Nor was I able to receive the MS Authenticator app requests to approve sign in from my handset either.
The app does indeed receive requests for approval from the users' handsets and will use that instead of a user keying in a numeric key.
as far as any user would be concernet, it's a request/response mechanism. becaues, you know, it does receive requests.
Since, as you admitted, you don't know how the app works why don't you make like Bambi's Flower, or at least speak not of which you know not.
I had to re-up my 2FA late last night; it took literally five minutes to go through. As of a hour ago it took at least four minutes to go through for someone else who had to connect to the same system. This would normally have resulted in timing out; that it didn’t indicates that there’s still a problem and they know it.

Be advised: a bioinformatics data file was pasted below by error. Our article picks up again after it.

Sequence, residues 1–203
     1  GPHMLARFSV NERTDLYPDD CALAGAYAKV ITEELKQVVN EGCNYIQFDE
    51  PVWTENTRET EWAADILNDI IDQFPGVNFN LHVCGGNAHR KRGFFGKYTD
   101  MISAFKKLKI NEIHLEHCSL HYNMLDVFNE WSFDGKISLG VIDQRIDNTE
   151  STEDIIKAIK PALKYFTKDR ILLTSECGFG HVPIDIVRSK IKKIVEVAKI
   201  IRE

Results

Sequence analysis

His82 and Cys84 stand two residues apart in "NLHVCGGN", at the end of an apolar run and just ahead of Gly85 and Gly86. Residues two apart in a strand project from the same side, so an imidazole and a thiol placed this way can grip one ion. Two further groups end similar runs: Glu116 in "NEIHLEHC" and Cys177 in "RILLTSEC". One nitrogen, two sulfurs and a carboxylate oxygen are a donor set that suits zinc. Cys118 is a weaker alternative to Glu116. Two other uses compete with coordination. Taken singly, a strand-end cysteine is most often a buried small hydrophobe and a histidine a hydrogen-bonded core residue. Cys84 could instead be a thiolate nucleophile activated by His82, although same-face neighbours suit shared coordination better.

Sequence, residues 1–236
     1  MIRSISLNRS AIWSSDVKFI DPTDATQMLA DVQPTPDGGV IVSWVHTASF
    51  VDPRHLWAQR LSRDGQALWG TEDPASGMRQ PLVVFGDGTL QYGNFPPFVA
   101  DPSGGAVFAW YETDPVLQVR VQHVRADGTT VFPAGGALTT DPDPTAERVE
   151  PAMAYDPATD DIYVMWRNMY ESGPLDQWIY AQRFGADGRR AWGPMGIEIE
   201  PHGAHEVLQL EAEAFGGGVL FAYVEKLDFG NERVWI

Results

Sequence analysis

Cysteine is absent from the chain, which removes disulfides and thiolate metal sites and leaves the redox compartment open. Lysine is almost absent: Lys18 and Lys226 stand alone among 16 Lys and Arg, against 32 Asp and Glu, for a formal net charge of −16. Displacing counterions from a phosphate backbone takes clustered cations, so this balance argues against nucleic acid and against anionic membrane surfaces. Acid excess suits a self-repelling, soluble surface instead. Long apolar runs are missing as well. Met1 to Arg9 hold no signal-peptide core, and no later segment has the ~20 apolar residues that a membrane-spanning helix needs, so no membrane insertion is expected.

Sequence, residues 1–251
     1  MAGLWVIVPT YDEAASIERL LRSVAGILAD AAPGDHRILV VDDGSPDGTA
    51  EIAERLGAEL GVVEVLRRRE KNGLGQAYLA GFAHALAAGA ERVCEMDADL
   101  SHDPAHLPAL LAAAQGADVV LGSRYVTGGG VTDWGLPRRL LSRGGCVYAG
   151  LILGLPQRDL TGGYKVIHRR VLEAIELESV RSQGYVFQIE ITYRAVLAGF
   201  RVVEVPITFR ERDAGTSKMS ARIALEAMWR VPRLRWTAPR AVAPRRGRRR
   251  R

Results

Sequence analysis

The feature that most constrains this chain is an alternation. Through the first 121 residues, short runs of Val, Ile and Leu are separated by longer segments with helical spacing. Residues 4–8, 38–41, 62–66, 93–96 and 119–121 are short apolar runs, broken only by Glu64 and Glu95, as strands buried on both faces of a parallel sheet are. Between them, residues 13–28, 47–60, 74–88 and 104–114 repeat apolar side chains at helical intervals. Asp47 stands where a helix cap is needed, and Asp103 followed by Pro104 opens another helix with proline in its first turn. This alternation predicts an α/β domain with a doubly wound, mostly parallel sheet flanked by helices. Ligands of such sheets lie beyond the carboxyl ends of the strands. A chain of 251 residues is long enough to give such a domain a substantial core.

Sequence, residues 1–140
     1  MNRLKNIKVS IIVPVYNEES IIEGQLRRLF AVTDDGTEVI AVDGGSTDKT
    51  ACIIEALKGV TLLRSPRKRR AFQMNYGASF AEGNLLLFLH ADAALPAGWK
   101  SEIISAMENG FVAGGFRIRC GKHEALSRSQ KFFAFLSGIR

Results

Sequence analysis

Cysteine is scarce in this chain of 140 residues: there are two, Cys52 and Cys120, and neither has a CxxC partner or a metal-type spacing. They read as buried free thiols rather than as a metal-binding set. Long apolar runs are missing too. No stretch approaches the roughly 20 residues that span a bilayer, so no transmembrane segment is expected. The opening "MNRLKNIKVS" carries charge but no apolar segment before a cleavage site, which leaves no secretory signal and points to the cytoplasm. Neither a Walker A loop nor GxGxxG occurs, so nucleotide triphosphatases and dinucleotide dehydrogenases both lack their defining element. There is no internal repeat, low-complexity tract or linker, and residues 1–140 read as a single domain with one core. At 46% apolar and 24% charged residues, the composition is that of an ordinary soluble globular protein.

The sub-headline states "Redmond's sign-on system is so secure, nobody can get in".
Some will say I'm picking nits, but I'm tired of hearing execs say that draconian measures equal security. They don't need help from El Reg to bolster their lack of understanding.
I'm of the old-school notion that security requires three components: confidentiality, integrity, and availability. Since the latter was violated in the MS outage security suffered.
Be right back after rebooting my laptop because of yet another middle-of-the-day forced update that some exec believes is essential to provide 'iron-clad security'.
Got to ask your business: what if the outage was longer! how would the business recoup lost revenue/productivity.
Last time I looked: Office / e-mail (comms) was considered a critical service. If you are medium to large size business why would you place a critical system in someone elses hands?
But its ok, All these cloud providers have all the certifications against all the standards !